Mid-term CGI meeting 2004: is transition period the beginning of reform?

Down to Earth No 62  August 2004

The 2004 CGI mid-year review meeting went almost unnoticed, as the country was in the final run up to Indonesia's first direct presidential election.

The meeting of Indonesia's main creditors, grouped in the Consultative Group on Indonesia (CGI) was held in Jakarta on June 2, 2004. It highlighted the introduction of the Indonesian government's Transition Plan: a policy continuity to ensure a smooth shift between the current government and the next one. The Transition Plan is a medium term development agenda for the period of 2006 to 2010. Its main objectives are (1) pushing reform in democracy and political institutions, (2) improving the wellbeing of Indonesia's people through economic development and growth and (3) strengthening the unity and integrity of Indonesia through conflict resolution, national reconciliation and more effective regional autonomy.

While congratulating the government of Indonesia on economic progress, the meeting urged Indonesia to improve investment climate and to take stronger action in poverty reduction.


INFID wants pro-poor policy
In the meeting, the Indonesian NGO Forum on Indonesian Development (INFID), representing Indonesian civil society, reiterated its call to re-examine the existence and role of the CGI. This drew attention to the review of the CGI by carried out by the National Development Planning agency (Bappenas), in November 2003. One recommendation was the move from a donor-led CGI towards an Indonesia-led CGI, in order that the country should genuinely own its development agenda. Concerns that the CGI is donor-driven have been repeatedly raised by civil society groups. Donors are seen as only interested in improving the investment climate and boosting the commercial sector.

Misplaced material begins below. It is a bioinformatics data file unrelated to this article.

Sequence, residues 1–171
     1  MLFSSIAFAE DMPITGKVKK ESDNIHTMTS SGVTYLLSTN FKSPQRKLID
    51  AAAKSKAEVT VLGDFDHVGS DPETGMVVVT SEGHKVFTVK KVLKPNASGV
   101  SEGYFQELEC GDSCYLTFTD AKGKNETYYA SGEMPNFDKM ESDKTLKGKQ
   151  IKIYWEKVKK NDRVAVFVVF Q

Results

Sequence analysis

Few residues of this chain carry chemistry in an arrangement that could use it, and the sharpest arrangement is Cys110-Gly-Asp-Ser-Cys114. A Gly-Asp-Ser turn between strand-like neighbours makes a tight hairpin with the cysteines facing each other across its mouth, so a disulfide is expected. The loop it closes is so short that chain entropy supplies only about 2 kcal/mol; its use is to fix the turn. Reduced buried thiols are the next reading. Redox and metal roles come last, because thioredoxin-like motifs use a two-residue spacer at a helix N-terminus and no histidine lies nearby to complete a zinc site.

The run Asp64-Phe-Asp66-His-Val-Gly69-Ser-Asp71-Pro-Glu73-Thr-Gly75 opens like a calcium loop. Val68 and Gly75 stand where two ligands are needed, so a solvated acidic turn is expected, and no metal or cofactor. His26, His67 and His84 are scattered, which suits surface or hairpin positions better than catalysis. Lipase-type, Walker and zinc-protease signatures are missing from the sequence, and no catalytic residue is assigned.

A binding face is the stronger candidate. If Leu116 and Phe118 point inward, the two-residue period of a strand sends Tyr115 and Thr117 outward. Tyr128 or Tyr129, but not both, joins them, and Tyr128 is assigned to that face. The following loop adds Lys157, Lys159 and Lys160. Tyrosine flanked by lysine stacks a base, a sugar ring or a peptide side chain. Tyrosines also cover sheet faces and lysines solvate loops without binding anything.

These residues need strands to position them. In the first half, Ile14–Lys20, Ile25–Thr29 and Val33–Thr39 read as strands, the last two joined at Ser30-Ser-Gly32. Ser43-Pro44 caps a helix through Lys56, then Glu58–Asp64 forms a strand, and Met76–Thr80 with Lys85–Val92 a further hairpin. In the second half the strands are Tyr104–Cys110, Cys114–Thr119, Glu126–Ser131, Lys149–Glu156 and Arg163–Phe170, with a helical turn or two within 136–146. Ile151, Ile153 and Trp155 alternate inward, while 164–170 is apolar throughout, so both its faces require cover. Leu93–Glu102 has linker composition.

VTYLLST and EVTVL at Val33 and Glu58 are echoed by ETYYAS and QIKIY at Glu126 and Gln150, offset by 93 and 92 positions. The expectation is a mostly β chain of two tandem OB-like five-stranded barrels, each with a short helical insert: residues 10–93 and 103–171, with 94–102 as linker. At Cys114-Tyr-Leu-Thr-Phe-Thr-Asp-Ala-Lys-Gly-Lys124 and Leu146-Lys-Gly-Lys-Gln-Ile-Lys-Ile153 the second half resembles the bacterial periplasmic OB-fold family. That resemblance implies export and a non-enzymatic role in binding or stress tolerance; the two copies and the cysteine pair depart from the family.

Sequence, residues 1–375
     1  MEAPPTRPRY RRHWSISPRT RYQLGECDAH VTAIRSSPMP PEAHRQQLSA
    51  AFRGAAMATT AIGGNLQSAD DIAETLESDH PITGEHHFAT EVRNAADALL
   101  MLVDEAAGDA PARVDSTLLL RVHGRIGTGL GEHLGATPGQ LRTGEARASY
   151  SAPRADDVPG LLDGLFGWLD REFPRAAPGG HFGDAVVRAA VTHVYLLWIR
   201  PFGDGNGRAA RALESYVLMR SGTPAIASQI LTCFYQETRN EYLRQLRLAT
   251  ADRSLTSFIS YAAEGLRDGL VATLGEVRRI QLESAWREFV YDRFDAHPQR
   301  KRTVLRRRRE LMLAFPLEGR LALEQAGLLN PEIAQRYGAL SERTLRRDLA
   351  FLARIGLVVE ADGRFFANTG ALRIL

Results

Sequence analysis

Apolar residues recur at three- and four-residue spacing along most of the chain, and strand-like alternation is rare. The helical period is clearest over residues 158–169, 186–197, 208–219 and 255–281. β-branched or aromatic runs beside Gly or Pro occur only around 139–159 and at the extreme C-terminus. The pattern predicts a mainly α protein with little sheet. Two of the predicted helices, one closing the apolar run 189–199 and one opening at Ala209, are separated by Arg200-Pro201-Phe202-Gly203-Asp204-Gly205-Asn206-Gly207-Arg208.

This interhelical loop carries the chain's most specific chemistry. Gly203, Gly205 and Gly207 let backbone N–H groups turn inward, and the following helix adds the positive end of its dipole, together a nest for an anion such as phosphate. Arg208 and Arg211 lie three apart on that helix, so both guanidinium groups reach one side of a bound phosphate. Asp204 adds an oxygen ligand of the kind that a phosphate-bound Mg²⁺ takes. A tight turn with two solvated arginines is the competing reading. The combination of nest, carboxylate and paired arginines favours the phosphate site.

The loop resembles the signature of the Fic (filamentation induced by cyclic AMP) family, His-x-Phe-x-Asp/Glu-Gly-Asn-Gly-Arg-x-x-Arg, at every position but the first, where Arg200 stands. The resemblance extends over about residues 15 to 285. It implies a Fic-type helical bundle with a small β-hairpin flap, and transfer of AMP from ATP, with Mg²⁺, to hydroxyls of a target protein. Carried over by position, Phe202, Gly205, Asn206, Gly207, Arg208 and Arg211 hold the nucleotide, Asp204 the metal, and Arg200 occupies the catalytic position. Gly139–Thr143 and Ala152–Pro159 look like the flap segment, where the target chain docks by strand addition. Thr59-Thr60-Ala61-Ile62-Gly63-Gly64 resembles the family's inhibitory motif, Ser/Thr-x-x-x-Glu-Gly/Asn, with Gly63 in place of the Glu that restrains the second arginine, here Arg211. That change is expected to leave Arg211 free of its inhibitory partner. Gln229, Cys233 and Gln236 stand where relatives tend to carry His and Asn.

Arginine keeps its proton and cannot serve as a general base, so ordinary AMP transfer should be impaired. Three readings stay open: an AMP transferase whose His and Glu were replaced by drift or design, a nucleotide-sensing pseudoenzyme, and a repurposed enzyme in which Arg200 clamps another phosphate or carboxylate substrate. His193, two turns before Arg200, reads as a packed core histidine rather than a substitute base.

INFID also calls CGI to ensure that its decisions furthered Indonesia's progress towards the global Millennium Development Goals (MDGs) set by the UN. Despite all the rhetoric, a coherent pro-poor macro economy policy remains to be seen. It is timely for the CGI to revisit Indonesia's debt burden and its impact on the poor - who number over 50% of the population.

INFID also called on CGI member countries to commit themselves to MDG 8 - to allocate 0.7% of their respective annual GDP for funding their overseas development assistance activities.

Certainly, one of the biggest challenges for the new government of Indonesia will be the implementation of good governance, with combating corruption and nepotism as the prime focus. None of the three post-Suharto governments has demonstrated any convincing efforts to eradicate systemic and extensive corruption.

The next CGI meeting may see some new faces among the Indonesian delegation; maybe not. As change often has to be fought for, the Indonesian delegation also shares the responsibility of reform in the CGI. How much longer can Indonesia afford a status-quo CGI?


(Sources: CGI Mid-Year Review Meeting, June 2, 2004, see web.worldbank.org/INFID's comment on the Mid-term CGI Statement June 2nd, 2004 about PRSP; GoI & WB Press Release:CGI welcomes progress on the White Papers, but urges stronger actions to boost investment and tackle poverty.)